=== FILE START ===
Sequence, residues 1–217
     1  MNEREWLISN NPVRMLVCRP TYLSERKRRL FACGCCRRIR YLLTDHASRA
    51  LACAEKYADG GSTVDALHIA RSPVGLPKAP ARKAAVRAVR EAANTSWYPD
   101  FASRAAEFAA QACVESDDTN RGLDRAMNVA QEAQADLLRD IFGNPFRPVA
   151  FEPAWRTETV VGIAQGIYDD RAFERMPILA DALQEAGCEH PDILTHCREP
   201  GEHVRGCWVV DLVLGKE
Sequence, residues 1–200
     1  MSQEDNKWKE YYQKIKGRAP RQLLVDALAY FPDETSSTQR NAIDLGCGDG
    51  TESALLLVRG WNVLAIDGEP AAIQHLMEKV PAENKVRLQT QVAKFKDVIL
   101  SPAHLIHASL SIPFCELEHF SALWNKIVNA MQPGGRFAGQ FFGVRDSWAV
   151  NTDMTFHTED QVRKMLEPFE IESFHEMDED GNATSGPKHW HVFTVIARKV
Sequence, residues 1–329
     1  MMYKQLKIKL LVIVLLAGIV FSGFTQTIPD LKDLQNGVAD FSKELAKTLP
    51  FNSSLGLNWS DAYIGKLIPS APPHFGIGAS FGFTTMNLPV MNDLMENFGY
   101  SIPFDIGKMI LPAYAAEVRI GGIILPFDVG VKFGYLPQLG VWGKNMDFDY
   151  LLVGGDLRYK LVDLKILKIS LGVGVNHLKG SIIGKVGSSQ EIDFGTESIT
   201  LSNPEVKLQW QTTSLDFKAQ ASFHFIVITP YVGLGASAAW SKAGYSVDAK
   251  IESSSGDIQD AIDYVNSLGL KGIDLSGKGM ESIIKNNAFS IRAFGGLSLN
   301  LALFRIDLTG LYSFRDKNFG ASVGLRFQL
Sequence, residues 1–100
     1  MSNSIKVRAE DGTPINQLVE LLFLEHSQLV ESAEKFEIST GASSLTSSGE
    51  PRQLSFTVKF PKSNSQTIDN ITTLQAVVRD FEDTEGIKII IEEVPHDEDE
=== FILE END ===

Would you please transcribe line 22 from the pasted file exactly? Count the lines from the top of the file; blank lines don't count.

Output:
    51  PRQLSFTVKF PKSNSQTIDN ITTLQAVVRD FEDTEGIKII IEEVPHDEDE